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Hiroshima for Global Peace

The Miyajima Society of Commerce and Industry Youth Division’s SDGs Initiatives

Courtesy of Hiroshima Prefecture

As an island with a world heritage site, Miyajima is a lively place visited by many tourists. The Miyajima Society of Commerce and Industry Youth Division, where the area’s young business leaders gather, is putting effort into activities regarding SDGs. They held a seminar in order to increase understanding of SDGs, and in 2022 they conducted an SDGs-themed observational trip. The culmination of these learning experiences was producing the Miyajima SDGs Map in June 2023. We talked with Sasaki Kenichi and Okada Shoma about SDGs initiatives at the Miyajima Society of Commerce and Industry’s Youth Division.

The story begins in 2016, when Mr. Sasaki became the vice chairman of Junior Chamber International Japan. He was placed in charge of the international division and became interested in SDGs, which at the time had only just been adopted at a UN summit. He then became certified as an SDGs facilitator and began activities like giving lectures in and outside of the Miyajima. Then, as he was set to graduate from the Youth Division, he planned a trip to learn about SDGs.

Sasaki Kenichi, certified SDGs facilitator

Mr. Sasaki: On my trip, I went to the city of Kanazawa in Ishikawa Prefecture, where they’ve been pouring resources into promoting SDGs tourism. I learned about how to maintain an old townscape that has some inconveniences while still being able to live out our daily lives. I also visited a company in Fukui Prefecture that promotes SDGs as one part of their business activities. However, with SDGs, the most important thing is feedback. You’re never going to get it perfect on the first try, so repeated trial and error in which you look at the effects of things you did and try doing things differently when you fail will lead to sustainability for SDGs. That’s why I didn’t want to just do something and then set it aside, I wanted to produce some kind of tangible result.

That “tangible result” was the Miyajima SDGs Map. This displays what SDGs initiatives the businesses that are members of the Youth Division are working on. Toriiya, the tourism center run by Mr. Sasaki, took inspiration from Goal 12, “Ensure sustainable consumption and production patterns,” stating “Zero food waste. Eliminate waste and protect resources.” Kiyomori-Chaya, current Youth Division head Okada Shoma’s restaurant, declared that it would “live in harmony with health and community in mind” based on Goal 3, “Ensure healthy lives and promote well-being for all at all ages.”

The completed Miyajima SDGs Map. Currently displayed on the Miyajima Society of Commerce’s home page


Mr. Sasaki: It’s not the best choice of words, but I think it’s fine if people think of SDGs as something you don’t need to get too serious about. You don’t have to go out of your way, just connect it to things you’re already doing. Once you see the connection you’ll be able to take pride in your work and become motivated to keep working hard.

What’s interesting is that at the same time the map was being produced, the participants registered to Peace Platform Hiroshima, operated by the Hiroshima Organization for Global Peace (HOPe). Not only was it the first registry by a chamber of commerce youth division, the individual stores registered as well, and a total of 12 organizations registered all at once. It seems this is the first time a registration of this scale has occurred.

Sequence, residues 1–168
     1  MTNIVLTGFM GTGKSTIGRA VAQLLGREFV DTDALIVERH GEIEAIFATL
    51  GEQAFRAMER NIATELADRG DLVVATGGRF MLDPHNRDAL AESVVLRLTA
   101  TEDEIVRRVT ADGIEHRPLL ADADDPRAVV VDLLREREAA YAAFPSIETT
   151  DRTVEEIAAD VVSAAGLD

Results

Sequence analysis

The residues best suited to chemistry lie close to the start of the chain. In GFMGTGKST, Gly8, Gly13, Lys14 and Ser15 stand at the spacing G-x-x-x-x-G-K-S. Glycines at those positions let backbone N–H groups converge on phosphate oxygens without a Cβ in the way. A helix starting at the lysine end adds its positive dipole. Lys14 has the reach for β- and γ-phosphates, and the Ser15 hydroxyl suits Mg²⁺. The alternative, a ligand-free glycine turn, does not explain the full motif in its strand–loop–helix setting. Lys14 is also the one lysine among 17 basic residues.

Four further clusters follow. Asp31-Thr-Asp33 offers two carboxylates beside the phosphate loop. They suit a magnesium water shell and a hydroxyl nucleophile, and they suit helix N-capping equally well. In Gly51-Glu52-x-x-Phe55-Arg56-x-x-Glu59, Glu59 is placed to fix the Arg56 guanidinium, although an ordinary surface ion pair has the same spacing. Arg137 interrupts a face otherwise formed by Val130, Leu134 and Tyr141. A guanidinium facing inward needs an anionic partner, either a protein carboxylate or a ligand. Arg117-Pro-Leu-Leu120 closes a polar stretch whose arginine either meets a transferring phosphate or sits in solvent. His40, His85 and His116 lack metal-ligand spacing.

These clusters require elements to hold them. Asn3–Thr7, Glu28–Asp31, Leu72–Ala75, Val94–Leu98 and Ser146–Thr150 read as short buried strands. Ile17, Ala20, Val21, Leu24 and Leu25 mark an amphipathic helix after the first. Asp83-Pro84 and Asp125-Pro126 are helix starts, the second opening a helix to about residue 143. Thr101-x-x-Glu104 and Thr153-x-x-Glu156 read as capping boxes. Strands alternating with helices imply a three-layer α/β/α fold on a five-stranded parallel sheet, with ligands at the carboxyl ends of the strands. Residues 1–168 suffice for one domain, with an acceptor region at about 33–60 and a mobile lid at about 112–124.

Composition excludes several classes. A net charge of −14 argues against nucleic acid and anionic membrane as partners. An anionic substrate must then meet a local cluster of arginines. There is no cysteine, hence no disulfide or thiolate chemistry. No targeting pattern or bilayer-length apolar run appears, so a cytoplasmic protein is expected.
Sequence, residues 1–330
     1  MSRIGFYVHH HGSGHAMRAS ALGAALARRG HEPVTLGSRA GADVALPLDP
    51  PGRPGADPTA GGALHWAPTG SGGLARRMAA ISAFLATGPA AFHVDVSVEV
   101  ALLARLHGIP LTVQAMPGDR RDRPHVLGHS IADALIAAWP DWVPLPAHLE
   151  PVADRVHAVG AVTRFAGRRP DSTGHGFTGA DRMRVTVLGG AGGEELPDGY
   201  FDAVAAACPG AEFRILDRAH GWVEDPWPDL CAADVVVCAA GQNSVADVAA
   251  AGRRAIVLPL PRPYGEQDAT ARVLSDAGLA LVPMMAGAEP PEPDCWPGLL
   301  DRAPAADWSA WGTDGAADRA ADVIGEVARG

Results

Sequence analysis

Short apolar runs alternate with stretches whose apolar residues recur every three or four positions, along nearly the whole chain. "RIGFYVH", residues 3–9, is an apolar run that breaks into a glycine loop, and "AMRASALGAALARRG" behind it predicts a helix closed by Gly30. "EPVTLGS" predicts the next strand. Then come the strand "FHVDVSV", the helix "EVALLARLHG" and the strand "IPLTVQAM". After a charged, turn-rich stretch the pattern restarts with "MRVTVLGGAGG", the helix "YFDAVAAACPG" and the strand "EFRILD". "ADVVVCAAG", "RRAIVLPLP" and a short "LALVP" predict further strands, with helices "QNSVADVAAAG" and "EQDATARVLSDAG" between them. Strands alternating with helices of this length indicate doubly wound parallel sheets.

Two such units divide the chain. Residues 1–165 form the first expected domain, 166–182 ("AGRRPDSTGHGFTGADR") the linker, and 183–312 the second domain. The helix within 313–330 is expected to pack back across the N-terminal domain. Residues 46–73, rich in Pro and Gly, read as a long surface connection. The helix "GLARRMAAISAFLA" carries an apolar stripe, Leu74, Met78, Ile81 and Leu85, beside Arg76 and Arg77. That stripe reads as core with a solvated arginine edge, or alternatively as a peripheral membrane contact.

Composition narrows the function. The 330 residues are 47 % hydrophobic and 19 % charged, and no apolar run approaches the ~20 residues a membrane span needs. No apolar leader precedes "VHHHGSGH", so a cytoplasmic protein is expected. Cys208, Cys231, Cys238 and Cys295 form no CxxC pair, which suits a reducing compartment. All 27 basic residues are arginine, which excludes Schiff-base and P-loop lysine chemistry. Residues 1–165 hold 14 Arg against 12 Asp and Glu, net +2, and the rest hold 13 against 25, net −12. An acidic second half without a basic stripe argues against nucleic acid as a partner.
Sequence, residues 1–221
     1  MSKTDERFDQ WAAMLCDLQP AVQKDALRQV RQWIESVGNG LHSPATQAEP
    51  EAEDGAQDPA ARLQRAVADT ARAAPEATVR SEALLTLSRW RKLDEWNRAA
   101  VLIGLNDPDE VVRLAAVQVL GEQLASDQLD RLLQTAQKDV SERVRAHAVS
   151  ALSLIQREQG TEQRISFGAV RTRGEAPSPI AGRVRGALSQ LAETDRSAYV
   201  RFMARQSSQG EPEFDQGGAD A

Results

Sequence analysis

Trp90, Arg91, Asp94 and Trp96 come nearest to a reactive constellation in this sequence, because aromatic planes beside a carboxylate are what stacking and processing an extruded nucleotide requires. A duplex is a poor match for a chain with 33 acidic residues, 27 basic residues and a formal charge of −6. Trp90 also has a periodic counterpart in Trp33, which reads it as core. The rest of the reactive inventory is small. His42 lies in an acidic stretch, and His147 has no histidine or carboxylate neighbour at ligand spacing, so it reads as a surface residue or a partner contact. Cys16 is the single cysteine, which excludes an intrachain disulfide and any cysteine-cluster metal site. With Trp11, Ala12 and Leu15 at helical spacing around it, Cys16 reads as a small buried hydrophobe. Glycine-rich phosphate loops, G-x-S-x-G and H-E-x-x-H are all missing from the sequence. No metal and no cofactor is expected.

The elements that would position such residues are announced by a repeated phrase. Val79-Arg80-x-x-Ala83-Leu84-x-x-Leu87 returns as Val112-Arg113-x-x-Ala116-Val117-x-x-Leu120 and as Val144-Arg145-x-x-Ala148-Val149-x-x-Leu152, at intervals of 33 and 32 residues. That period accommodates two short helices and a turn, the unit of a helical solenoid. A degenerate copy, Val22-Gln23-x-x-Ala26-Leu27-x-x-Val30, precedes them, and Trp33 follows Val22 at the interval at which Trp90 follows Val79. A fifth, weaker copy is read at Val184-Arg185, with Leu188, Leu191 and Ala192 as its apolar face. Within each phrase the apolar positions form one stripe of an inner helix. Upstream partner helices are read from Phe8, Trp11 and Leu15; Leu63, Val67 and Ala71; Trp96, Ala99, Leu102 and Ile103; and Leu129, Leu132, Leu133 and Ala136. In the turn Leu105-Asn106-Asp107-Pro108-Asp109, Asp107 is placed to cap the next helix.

Okada Shoma of the Miyajima Society of Commerce and Industry’s Youth Division

Mr. Sasaki: However, just making a map is meaningless, so I think that participation in the Peace Platform Hiroshima adds some weight to it that convinces people around us that we’re committed. That’s why we all decided to register.

Mr. Okada: Going forward, we’d like to add some new elements like overtourism and continue to expand it. I hope that this will become something that leads to peace.

The Miyajima Society of Commerce and Industry Youth Division isn’t just seeking prosperity in the present, but a sustainable form of tourism that can continue into the future. This is rooted in the island’s tradition of passing on what you received from your predecessors to the next generation.

Mr. Sasaki: I think the most important of the SDGs for us is Goal 17, “Partnerships for the goal.” The island’s future won’t improve if just one company does well. Community partnership is vital for maintaining the townscape even as population declines.

Mr. Okada: More worrying than tourism issues, the island’s aging population and population decline are serious problems, and there’s a fear that in the future there won’t be anyone living on the island. I think Miyajima Island’s foundation is made of the smiles of everyone who lives there. In addition to operating the restaurant, my company also distributes meals to the elderly and other community members in the hopes of making Miyajima a little bit better of a place to live. My hope going forward is to work together with more young business leaders to increase the island’s appeal.

The island having a history as long as it does can only mean the people who came before us built up a sustainable society. Miyajima is garnering new attention as a positive example of what SDGs can do.

Sasaki Kenichi

Representative director and president of the tourism center Toriiya. Actively involved in giving lectures and other activities regarding SDGs.

Toriiya home page:

Toriiya’s SDGs initiatives: (Japanese only)

Okada Shoma, head of the Miyajima Society of Commerce and Industry’s Youth Division

Successor to the restaurant Kiyomori-Chaya. Received instruction from Mr. Sasaki at a local kendo school as a child.

Kiyomori-Chaya home page:

Kiyomori-Chaya’s SDGs initiatives: (Japanese only)

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